To read more about this study, click here.

Wednesday, 4 April 2018

Cancer immunotherapy drug simultaneously targets two proteins that block immune response

Two groups of researchers, working independently, have developed a type of drug that simultaneously targets two proteins involved in suppressing the body’s immune response against tumors to try to develop more effective immunotherapies. A growing number of patients with cancer have benefited from drugs that help the immune system fight cancer, such as immune checkpoint inhibitors. But most patients with cancers do not respond to these treatments.

To read more about this study, click here

Thursday, 29 March 2018

Light breakfast may cut cost of prostate cancer drug

Researchers at the University of Chicago have unveiled a new study indicating that taking the prostate cancer drug Zytiga together with a low-fat breakfast boosts the efficiency of the medication.  While Zytiga is typically prescribed as a 250mg pill, 4 of which are taken an hour before breakfast, the new study, led by Dr. Russell Szmulewitz, a prostate cancer specialist at the University of Chicago has found that patients "taking one-fourth of the recommended dose with a low-fast breakfast...was just as effective.  This, in term has cut drug costs by 75%.

To read more about this study, click here

Wednesday, 28 March 2018

Higher risk of heart failure seen in some cancers

The results of a new study show that some people who have been treated for breast cancer or lymphoma have a higher risk of developing congestive heart failure than people who haven't had cancer. The study researchers retrospectively compared heart failure rates in people who were diagnosed with breast cancer or lymphoma with those in people who did not have cancer.

To read more about the study, click here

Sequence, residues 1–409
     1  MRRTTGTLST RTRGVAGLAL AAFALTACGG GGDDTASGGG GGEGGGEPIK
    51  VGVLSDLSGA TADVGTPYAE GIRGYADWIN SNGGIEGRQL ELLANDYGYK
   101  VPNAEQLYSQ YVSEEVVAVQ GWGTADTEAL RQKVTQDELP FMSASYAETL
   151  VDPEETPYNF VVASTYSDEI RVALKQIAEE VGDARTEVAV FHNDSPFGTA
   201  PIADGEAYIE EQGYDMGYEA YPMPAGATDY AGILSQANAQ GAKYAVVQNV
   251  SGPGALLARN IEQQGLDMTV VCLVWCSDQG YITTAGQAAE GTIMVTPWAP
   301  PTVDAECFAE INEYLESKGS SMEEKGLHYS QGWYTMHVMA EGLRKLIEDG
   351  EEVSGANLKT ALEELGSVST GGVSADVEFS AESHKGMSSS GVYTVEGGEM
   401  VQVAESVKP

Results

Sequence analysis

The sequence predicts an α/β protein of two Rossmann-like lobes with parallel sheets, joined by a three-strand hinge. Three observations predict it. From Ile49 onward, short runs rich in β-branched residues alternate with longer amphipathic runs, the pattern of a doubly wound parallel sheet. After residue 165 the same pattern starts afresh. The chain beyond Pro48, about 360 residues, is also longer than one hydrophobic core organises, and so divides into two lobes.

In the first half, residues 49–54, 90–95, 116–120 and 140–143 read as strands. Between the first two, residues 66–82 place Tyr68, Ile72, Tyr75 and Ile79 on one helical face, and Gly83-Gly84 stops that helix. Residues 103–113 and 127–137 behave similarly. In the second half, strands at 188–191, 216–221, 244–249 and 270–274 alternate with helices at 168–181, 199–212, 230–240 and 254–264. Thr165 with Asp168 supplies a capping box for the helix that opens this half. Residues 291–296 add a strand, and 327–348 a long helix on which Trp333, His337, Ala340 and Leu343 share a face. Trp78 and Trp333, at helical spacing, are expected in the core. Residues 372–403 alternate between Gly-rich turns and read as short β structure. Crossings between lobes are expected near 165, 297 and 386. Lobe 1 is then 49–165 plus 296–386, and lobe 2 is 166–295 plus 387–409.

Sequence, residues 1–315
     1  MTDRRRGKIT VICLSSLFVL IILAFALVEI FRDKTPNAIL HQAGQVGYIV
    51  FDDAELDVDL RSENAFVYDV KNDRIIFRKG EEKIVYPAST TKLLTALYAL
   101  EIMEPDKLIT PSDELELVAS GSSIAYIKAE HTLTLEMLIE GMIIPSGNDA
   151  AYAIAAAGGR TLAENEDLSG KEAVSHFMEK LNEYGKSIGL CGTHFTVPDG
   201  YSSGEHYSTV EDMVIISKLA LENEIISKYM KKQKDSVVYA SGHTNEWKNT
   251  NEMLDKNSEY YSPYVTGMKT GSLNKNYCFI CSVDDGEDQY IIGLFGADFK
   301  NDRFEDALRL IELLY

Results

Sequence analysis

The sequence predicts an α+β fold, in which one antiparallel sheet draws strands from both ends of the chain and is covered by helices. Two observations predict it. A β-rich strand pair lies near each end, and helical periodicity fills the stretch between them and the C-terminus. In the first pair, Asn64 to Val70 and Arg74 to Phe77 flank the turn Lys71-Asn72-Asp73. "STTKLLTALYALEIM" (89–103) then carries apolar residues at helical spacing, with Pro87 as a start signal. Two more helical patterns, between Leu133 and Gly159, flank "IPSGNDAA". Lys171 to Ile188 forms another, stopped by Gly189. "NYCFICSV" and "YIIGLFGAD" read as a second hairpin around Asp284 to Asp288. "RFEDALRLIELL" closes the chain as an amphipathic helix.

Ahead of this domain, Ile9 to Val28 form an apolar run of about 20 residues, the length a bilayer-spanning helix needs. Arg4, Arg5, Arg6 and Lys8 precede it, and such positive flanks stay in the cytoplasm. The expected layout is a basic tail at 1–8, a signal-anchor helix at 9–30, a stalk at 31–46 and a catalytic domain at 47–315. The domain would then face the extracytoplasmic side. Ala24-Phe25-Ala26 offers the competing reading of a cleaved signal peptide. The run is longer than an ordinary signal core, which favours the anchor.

Wednesday, 21 March 2018

Task force issues stronger skin cancer prevention guidelines

A new, revised recommendation issued by the U.S. Preventive Services Task Force suggests that skin cancer advice from physicians to patients should begin earlier, particularly for patients that are light-skinned.  The new guidelines recommend beginning consultations at 6 months, since "children and teens who are exposed to the sun's harmful ultraviolet radiation are at greater risk for developing skin cancer in adulthood."

To read more about these new guidelines, click here

Wednesday, 14 March 2018

Study finds shared decision making still lacking in prostate cancer screening

A new study finds many men receiving prostate specific antigen (PSA) testing do so without a comprehensive shared decision making process, contrary to current guidelines. In the Annals of Family Medicine a study conducted by the American Cancer Institute finds that in both 2010 and 2015 about 6 in 10 men who reported recent PSA testing said they had received at least one component of shared decision making. Meanwhile, only 1 in 10 with no PSA test reported receiving any component of shared decision making in both 2010 and 2015.


To read more about this study, click here.

Friday, 9 March 2018

Testing an interactive approach to promote exercise in young cancer survivors

A study at the St. Jude Children's Research Hospital created an interactive website designed to promote physical activity among children and adolescents who have completed treatment for cancer. According to preliminary results from a pilot study, the website may indeed help encourage them to get regularly exercise.

To read more about this study, click here.